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Archive for December, 2020

Dec. 31, 2020 — 184 right, 130 wrong

Today, I finished my Trivial Pursuit Master’s Edition Year-In-A-Box calendar, a calendar full of questions about everything from Texas to s’mores to poke bowls. It’s the last Master’s Edition as next year’s calendar is going to be from the Classic Edition which, according to some reviews, is easier than the Master’s or the original Genus edition.

We’ll see what happens with the questions on the 2021 calendar. But this year’s questions were about the same difficulty as in 2019, which reflects the fact that my percentage of correct answers was 58.6 percent, much lower than the last couple of years.

Yep, I still keep score.

Dec. 30, 2020 — Waiting for the next glass

Tomorrow, I undergo surgery in my abdomen to (hopefully) fix a problem which I wrote about here.

I’m used to the gnawing feeling of uncertainty when it comes to trying to occupy the hours before a medical procedure. The liquid diet that I’ve been prescribed is almost a relief from overthinking the future and engendering a sense of dread.

I have to keep telling myself that I have a good doctor. The surgeon has received more than 50 positive reviews on an internet site meant to judge these things, and almost all of them are five stars.

My interactions with the surgeon have been detailed and somewhat frank. But now that I’m being provided the opportunity to aggressively go at this problem, I have something positive to look forward to.

And that’s a good thing. We’ll know more tomorrow and in the next few weeks how the procedure came out.

Dec. 29, 2020 — Luddite Nation?

Luddite (n.) — a person opposed to new technology or ways of working.

Yesterday, police and FBI officials announced that a computer consultant named Anthony Warner was inside of a bomb-laden recreational vehicle that leveled a city block in Nashville, Tenn.

But it wasn’t any ordinary city block. On the block was a junction station that AT&T used to provide high-speed internet on the 5G level to not only cell phone customers, but home internet as well as to business customers including the air traffic control center at Nashville’s airport.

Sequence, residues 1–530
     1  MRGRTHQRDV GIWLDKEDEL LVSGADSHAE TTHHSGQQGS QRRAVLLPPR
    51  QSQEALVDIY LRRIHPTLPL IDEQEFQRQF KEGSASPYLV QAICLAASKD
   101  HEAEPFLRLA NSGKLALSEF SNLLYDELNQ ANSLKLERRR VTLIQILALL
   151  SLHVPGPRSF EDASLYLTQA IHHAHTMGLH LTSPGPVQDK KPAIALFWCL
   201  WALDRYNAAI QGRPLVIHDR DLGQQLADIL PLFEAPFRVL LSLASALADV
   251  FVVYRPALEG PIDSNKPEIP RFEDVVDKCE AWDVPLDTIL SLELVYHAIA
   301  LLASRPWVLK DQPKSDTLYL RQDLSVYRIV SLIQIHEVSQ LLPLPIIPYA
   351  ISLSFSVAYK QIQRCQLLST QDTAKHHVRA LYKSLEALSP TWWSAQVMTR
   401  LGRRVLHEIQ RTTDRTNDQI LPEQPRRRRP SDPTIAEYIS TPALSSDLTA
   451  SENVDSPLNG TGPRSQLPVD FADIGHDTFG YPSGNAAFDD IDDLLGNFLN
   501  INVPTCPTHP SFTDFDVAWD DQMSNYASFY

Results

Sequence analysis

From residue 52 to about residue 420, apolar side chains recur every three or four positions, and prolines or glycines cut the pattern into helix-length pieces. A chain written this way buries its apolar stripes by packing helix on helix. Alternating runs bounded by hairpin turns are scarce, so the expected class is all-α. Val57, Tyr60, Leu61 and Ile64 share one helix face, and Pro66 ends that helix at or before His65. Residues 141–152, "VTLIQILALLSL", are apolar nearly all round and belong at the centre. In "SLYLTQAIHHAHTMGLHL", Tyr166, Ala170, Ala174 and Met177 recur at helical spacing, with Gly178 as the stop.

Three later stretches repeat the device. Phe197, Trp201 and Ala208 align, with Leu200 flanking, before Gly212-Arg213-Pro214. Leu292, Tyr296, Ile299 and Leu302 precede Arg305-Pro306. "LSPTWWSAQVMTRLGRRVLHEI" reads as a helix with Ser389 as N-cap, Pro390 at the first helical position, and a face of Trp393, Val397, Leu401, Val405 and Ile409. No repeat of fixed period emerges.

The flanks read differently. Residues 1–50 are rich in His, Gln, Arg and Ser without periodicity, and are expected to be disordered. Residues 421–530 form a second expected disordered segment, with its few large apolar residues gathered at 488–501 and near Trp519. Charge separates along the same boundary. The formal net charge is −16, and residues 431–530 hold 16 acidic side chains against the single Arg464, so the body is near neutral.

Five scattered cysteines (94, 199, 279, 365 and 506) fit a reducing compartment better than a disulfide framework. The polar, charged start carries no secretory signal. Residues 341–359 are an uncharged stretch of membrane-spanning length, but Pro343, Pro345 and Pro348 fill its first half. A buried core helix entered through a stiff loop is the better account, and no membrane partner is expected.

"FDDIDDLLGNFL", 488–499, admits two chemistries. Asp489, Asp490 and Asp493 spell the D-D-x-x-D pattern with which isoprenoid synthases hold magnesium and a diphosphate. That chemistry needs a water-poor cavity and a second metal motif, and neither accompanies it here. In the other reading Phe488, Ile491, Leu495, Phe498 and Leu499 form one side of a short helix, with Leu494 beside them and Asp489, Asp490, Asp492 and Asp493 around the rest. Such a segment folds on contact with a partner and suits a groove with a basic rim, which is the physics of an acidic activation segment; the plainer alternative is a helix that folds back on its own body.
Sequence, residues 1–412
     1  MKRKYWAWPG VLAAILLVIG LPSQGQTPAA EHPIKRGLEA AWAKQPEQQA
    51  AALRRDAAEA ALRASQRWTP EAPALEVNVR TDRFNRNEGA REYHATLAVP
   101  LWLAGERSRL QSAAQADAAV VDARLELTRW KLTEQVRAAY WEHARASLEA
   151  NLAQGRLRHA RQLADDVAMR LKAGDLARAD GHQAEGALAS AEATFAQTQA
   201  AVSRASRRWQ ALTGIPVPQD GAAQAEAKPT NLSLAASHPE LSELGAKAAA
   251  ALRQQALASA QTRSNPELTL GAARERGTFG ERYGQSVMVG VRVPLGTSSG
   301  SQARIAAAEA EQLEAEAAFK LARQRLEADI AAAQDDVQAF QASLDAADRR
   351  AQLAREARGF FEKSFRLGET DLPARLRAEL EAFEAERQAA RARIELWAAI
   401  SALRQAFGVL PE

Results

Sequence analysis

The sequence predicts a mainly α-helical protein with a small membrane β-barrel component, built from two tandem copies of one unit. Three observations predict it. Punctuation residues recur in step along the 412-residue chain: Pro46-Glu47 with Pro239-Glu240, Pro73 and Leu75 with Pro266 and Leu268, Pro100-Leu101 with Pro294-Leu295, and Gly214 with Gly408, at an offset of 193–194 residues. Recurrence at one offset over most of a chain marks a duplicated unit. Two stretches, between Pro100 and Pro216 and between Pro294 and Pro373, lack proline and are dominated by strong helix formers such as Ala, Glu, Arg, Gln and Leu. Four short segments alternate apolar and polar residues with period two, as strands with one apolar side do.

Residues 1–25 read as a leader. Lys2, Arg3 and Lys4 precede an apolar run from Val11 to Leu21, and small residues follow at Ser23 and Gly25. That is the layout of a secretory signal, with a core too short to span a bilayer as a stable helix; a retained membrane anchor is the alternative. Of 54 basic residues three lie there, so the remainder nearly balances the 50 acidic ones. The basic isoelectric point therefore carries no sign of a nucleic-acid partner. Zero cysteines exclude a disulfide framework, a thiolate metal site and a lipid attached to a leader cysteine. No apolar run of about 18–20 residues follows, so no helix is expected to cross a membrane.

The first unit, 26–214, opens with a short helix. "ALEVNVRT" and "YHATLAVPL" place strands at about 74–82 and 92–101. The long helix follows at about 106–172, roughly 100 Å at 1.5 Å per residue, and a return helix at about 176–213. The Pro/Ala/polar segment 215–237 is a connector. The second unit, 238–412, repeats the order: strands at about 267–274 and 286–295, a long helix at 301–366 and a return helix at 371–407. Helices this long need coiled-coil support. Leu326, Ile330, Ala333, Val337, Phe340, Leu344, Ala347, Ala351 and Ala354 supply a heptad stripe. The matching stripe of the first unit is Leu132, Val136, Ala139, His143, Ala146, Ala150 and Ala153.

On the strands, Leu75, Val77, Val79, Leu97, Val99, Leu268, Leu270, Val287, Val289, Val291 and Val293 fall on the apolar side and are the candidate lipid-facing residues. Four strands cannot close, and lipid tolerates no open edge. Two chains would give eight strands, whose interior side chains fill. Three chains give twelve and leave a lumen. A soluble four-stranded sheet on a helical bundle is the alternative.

Too, the interdependence of this one facility meant that there were knockon effects in the form of cell and radar outages as far away as Louisville, Ky.; Birmingham, Ala; and Atlanta.

Early reports indicate that Warren was one of a growing segment of the U.S. population which has developed irrational paranoia and conspiracy theories about the introduction of 5G wireless technology. Indeed, the state of Tennessee was a hotbed of anti-5G activity a year ago, as four cell towers were destroyed by fire, causing more than a half-million dollars’ worth of damage.

Now, you might think it’s fine to have these kinds of conspiracy theories floating around your mind regarding any new technology. Heck, watch the old YouTube videos in which older cell phones emit enough microwaves to explode popcorn, and it does make you question the safety of constant usage of older mobile phones.

But to act on those conspiracy theories, to the point of wanton property destruction? That, friends, is terrorism.

And the quicker we realize this, the quicker we can move on from the ridiculous fantasy world of today’s anti-tech Luddites.

Dec. 28, 2020 — An anniversary of sorts

It was 71 years ago this week when my parents got married in Puerto Rico.

The day after their ceremony, they took their honeymoon in San Juan, the capital of the Commonwealth of Puerto Rico. The central event of the honeymoon was, oddly enough, a baseball game.

Papa was a die-hard baseball fan not only as a teenager, but later in life. Having a minor-league team two miles from his house was a blessing for him, especially when major-leaguers would spend time in town doing injury rehabilitation. When major stars would come to town, the park would fill up.

One time, Derek Jeter came to the city for a short stint. Papa didn’t ask for an autograph, but he observed as the Yankee shortstop went about his business and greeted everyone who came to to the bleacher railing, making them feel as though they were the most important person in the facility.

The interesting thing is that baseball could have killed him in middle school. My father had gotten hit in the head with a ball (it’s lost to history whether it was a thrown or a batted ball) and it caused some neurological damage.

Fortunately, the effects were somewhat temporary: he didn’t speak for a year. But, knowing what we know now about concussions and impact injuries on the brain and skull, he was fortunate not to have worse damage.